Everyone has a credit history whether or not you have taken out any form of credit, such as credit cards, hire purchases, catalogues etc. Your credit rating or score will depend on how you have conducted yourself financially, although it is worth noting that an 18 year old (in the UK) who has never had any form of credit agreement will appear to have a poor credit score simply because they have no credit history to refer to.
In general however a poor or bad credit rating is a result of mishandling your finances, missing payments to creditors, going over your overdraft limit with your bank (if you have one) and so on.
It is important to remember that any agreement you take out, whether it be car insurance or mobile phone contract your payment history to that supplier will form part of the basis for your credit score and any negative (and positive) outcomes will be recorded on your credit file and will remain there for up to six years.
Lenders of any type will do a credit search on you prior to offering you a service, a bad credit score will usually result in lenders refusing to offer you their service or offering it at a higher premium as you will be considered a high risk.
Another point to be aware of (and one that will affect your credit score) is the number of inquiries you have made regarding types of credit. It does not matter if you have taken to credit just that you have inquired. The more inquiries over a short period of time will look like you are or were suffering from financially difficulties and this a lender maybe less inclined to offer assistance to you.
Any court action or debt collection agency activity will also be recorded on your file and will heavily impact your score.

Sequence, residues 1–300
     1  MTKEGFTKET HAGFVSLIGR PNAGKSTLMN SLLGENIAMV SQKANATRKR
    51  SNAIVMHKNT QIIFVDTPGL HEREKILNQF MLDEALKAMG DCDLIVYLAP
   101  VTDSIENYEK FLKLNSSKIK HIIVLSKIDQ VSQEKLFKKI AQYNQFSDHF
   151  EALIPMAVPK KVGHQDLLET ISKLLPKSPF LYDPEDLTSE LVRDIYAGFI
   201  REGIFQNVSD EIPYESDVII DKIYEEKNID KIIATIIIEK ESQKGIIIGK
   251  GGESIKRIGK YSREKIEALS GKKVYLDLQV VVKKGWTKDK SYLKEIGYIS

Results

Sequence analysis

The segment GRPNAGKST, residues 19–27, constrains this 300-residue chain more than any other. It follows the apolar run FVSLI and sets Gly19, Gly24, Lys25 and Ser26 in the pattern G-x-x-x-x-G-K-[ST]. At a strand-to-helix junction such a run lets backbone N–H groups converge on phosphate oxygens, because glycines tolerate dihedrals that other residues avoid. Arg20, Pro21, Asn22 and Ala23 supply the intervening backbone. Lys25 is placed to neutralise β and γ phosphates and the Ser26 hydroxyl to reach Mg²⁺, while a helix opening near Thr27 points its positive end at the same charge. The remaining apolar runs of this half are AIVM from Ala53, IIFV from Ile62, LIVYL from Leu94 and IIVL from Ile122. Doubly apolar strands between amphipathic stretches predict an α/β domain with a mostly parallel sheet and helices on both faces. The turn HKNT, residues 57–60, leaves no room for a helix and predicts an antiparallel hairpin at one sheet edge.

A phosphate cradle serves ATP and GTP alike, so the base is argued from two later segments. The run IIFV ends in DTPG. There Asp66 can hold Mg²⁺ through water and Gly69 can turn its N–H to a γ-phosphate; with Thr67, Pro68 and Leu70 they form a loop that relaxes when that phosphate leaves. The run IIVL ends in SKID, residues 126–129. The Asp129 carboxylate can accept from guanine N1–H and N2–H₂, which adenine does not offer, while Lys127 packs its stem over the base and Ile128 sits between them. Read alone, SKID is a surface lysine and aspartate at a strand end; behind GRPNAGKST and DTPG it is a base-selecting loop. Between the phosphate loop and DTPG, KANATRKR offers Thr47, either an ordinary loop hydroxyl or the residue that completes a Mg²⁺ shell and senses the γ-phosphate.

In a nutshell the score is simply a number determined by an array of factors such as; outstanding current credit, past payment history, how long you have had the credit, types of credit and as mentioned above the number of inquiries for credit you have made.
The higher your score the more likely you are to be offered credit and with it usually a better borrowing rate as well.
You can obtain a copy of your credit file by contacting one of the main credit reference companies such as Experian or Equifax, this will give you an indication as to what you are currently doing and what maybe causing an adverse effect on your score.
The easiest way to improve your score is to simply ensure you pay all your bills on time and avoid taking out any more credit for at least one year. This will give you time to build a more positive credit history and show that even though you may have suffered some problems in the past you are now back on track and have everything up to date.